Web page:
Berlin is a modern city rebuilt on a tumultuous past. Let history surround you in Berlin, as you see the future boldly reflected in the architecture, innovation, and culture that characterize this great city today.
Berlin was once called the heart of Europe, and it remains a significant center of European economic and cultural development. Situated between the East and West, Berlin is a mix of people from different cultures and social systems. People from all over the world have been calling Berlin home for many years. This unique mixture gives the city a kind of rough charm, which is particularly attractive to young people.
In this city of 3.5 million inhabitants, you will find one of the richest and most avant-garde cultural scenes in Europe: three opera houses, two symphony halls, and over 50 theaters (more than 20 of them state-subsidized) offer a dazzling choice for everybody's taste, and at very moderate student prices. In reunified Berlin you will also find some of the most diverse museums in Germany. Countless art treasures and historical artifacts can be seen in the city's 150 museums. Berlin offers some of the most interesting nightlife, with music venues, dance clubs, and countless Berlin pubs catering to a variety of tastes around the clock. Berlin is also a very cosmopolitan city and hosts numerous global congresses and exhibitions each year.
Besides offering a uniquely varied city life, Berlin is also surrounded by numerous forests and lakes, with parks and resorts providing an array of recreational opportunities. But you do not have to leave the city to enjoy nature: many rivers, lakes, and forests can also be found right within the city itself. By the way, Berlin has more bridges and canals than Venice!
Berlin is also perfectly situated for exploration of Central and Eastern Europe. Poland is only 50 miles away, a train to Prague takes only 5 hours, and a plane to Budapest takes 1½ hours.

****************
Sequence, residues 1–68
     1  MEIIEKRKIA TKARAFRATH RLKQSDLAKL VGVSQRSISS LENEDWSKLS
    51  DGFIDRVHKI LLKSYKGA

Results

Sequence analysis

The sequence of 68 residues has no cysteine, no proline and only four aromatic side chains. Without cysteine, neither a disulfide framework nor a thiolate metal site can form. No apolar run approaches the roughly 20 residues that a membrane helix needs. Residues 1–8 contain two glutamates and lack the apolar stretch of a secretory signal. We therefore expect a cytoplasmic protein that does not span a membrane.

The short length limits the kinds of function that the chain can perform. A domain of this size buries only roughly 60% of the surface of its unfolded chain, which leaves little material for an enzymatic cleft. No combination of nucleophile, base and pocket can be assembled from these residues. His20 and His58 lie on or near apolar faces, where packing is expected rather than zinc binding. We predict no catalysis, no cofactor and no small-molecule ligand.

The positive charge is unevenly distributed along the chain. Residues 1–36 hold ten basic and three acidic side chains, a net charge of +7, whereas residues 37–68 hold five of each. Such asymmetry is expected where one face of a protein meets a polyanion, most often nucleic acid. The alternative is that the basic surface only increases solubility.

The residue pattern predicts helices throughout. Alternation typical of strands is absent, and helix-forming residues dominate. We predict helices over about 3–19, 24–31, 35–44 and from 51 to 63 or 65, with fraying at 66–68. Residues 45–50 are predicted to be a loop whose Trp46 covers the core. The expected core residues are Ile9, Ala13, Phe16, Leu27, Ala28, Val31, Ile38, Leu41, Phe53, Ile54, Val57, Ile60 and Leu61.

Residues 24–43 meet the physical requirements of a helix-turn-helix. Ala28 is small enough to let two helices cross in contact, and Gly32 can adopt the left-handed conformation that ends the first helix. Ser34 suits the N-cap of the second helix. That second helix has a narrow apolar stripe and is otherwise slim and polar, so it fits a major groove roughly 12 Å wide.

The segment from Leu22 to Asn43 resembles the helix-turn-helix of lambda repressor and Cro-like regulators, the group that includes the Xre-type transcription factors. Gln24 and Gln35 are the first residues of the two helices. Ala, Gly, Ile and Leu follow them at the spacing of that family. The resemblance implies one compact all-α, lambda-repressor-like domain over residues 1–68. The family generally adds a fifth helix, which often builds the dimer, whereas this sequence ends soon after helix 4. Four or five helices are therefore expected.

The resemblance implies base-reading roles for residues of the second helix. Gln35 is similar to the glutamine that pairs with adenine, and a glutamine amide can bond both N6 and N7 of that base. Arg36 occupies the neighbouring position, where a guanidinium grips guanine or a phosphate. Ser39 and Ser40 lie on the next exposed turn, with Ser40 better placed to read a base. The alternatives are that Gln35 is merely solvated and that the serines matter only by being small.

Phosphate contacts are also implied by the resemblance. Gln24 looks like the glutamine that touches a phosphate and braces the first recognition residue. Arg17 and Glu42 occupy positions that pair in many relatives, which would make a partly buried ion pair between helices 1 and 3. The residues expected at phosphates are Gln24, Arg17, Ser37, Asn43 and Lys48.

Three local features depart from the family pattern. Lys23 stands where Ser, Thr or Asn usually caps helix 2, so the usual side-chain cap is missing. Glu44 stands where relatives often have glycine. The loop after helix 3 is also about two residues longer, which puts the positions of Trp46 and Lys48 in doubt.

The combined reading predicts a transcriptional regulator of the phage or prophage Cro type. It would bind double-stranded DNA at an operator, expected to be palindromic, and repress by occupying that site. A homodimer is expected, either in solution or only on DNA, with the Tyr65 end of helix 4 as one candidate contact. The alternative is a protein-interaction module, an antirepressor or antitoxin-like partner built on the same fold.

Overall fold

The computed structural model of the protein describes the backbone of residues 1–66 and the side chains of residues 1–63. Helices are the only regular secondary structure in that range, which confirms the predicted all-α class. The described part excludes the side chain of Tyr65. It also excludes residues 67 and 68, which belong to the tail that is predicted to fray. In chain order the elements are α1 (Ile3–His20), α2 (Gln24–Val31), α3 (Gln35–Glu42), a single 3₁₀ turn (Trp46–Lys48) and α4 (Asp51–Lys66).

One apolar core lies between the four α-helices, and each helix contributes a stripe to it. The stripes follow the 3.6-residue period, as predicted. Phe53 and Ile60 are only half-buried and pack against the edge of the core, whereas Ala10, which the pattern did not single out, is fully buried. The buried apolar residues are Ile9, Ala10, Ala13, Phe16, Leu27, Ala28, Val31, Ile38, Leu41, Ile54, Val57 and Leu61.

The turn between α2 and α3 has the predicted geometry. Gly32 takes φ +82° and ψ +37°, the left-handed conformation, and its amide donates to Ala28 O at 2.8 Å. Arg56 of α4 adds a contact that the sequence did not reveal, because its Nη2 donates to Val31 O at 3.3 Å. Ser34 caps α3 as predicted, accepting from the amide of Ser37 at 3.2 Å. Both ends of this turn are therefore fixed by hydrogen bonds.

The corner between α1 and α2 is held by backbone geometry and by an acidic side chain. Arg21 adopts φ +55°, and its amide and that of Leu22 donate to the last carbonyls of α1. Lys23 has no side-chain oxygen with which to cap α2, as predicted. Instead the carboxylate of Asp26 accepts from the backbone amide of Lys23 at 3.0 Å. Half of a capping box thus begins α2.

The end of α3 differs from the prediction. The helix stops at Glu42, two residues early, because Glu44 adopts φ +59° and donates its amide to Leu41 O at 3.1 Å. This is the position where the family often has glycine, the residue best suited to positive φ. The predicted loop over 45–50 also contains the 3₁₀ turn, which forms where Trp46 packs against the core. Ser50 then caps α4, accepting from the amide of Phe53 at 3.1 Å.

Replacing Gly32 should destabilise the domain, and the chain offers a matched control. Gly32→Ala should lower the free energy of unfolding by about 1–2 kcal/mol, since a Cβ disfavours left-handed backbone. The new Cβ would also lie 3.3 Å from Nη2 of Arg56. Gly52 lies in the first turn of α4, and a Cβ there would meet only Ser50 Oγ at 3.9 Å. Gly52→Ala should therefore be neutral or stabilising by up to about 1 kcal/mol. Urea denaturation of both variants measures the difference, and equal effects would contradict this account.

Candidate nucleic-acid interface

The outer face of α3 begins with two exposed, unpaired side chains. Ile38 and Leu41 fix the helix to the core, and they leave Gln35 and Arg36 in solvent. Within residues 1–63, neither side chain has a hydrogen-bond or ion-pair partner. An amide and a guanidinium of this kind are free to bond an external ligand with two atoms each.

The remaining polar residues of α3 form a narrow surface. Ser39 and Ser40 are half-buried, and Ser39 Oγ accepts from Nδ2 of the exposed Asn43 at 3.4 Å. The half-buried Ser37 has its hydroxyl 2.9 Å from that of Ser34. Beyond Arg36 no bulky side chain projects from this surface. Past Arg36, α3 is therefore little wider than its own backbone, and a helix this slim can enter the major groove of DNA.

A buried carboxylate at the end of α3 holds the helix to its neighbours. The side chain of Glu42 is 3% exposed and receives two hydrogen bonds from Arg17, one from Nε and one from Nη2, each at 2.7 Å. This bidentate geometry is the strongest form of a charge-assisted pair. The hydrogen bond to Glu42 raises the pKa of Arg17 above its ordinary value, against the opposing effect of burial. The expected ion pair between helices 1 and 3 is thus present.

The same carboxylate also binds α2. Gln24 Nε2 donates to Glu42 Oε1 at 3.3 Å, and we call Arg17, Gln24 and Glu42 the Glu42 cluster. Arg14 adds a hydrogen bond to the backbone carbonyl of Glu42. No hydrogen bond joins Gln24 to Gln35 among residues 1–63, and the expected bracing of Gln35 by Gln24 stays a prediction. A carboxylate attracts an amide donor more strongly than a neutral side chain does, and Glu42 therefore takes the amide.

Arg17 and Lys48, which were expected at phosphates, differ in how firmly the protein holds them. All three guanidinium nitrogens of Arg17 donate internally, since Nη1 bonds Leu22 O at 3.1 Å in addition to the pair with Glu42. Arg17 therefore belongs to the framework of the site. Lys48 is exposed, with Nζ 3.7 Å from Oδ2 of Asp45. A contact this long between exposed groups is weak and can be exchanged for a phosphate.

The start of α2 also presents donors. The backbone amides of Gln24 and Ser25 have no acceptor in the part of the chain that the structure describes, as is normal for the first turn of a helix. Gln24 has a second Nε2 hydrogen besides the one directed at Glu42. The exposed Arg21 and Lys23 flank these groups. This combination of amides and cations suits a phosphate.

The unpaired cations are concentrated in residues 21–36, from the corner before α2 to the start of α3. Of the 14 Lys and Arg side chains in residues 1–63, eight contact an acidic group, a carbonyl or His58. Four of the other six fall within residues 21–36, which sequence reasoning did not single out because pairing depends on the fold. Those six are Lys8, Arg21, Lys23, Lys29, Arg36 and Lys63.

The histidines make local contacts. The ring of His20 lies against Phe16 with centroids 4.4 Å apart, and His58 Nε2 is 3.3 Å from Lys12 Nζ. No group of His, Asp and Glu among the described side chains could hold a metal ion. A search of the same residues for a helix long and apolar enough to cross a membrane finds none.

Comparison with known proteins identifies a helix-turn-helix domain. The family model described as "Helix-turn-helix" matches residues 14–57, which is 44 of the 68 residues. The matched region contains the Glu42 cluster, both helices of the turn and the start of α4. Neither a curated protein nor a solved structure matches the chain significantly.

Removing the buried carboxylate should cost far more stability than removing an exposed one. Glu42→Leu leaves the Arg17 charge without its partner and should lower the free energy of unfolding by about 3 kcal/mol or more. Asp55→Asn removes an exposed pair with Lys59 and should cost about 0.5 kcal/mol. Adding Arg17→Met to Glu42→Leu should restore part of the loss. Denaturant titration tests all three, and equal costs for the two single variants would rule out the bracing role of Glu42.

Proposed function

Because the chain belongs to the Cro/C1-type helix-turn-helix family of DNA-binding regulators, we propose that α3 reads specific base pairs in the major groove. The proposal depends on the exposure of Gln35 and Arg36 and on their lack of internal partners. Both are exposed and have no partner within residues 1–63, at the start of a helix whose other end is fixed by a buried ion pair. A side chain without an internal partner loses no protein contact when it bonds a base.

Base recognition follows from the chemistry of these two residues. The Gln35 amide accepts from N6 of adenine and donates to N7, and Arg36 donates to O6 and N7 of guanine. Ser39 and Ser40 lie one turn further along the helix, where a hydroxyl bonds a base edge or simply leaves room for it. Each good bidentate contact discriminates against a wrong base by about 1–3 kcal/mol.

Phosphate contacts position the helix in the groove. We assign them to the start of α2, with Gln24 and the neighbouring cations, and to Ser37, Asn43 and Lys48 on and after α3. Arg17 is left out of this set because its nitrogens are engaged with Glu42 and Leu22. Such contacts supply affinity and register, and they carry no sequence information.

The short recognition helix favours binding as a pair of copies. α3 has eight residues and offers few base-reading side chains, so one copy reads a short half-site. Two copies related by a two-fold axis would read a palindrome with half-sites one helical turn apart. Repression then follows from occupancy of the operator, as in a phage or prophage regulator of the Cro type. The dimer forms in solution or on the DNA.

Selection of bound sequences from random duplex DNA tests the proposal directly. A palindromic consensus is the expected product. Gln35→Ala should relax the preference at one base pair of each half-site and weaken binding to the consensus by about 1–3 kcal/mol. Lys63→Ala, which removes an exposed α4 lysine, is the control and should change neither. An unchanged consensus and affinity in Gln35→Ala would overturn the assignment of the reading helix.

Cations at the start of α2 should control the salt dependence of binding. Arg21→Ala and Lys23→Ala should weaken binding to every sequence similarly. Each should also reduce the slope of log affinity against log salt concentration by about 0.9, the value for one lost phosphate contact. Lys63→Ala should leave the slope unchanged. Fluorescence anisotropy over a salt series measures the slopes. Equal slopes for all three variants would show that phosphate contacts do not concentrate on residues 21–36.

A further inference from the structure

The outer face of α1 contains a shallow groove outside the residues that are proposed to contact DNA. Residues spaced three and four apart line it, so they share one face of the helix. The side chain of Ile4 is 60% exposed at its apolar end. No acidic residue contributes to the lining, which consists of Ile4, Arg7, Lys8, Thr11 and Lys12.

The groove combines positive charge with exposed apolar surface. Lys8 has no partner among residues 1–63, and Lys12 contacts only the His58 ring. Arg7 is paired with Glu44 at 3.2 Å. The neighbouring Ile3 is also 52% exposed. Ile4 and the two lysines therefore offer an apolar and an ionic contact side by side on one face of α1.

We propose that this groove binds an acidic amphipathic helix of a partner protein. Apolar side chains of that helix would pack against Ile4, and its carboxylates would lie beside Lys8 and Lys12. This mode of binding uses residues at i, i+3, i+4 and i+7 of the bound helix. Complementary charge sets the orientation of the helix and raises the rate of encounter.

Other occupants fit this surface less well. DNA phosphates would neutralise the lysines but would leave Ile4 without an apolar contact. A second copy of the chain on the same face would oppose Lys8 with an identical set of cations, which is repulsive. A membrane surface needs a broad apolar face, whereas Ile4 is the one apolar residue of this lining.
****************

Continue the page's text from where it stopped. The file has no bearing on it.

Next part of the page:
Since 1872, the Reichstag has been the parliamentary building for Germany. It was here that Berliners celebrated the reunificiation of the country in 1990. In 1999, a magnificent dome was added to Reichstag. Visitors can look down through the dome and into parliament and always "watch" over the government.
Alexanderplatz is a large public square and transportation intersection in the central Mitte district, near the Fernsehturm. Locals often refer to the square as just "Alex." Though it has been called by other names and had several purposes, its name today is in rememberence of the visit of Czar Alexander I. in 1805.
"The World Clock (Alexanderplatz) was where I’d always meet up with people before going places." -Laura Seiler, Villanova University
When it was originally constructed in the 17th century, the Brandenburger Tor symbolized peace. During the 1960s, it separated East and West Berlin and signified Germany's division. After the Wall fell in 1989, the Branderburger Tor became the symbol of a unified Germany.
The 1960s marked the peak of the Cold War, and the Berlin Wall was the ultimate symbol of separate Germany. East Berliners could not travel to the West, or their punishment could be death. In 1989, the Wall finally came down, and Berliners celebrated throughout the city. Only a few parts of the Wall, like this one here, remain today.
"Walking along the remnants of the Berlin Wall was fascinating - I felt connected to the extraordinary history in this city." -Siri H., University of Wisconsin-Madison